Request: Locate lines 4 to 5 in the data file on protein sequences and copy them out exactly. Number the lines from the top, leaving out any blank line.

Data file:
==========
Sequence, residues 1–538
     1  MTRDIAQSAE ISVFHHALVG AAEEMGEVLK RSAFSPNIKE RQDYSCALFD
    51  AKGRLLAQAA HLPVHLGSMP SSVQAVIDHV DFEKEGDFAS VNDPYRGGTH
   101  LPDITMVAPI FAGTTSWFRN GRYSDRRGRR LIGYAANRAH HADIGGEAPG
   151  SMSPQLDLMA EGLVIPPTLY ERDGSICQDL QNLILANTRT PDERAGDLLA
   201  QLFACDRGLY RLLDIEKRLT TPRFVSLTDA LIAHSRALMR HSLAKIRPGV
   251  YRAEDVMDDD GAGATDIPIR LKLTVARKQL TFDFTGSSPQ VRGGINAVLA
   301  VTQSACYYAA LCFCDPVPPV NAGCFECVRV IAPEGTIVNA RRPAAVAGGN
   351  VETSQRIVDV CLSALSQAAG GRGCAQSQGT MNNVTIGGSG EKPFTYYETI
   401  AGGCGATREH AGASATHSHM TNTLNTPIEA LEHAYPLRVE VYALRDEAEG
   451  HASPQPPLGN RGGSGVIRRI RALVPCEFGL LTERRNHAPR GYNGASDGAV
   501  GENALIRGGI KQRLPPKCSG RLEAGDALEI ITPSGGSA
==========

   101  LPDITMVAPI FAGTTSWFRN GRYSDRRGRR LIGYAANRAH HADIGGEAPG
   151  SMSPQLDLMA EGLVIPPTLY ERDGSICQDL QNLILANTRT PDERAGDLLA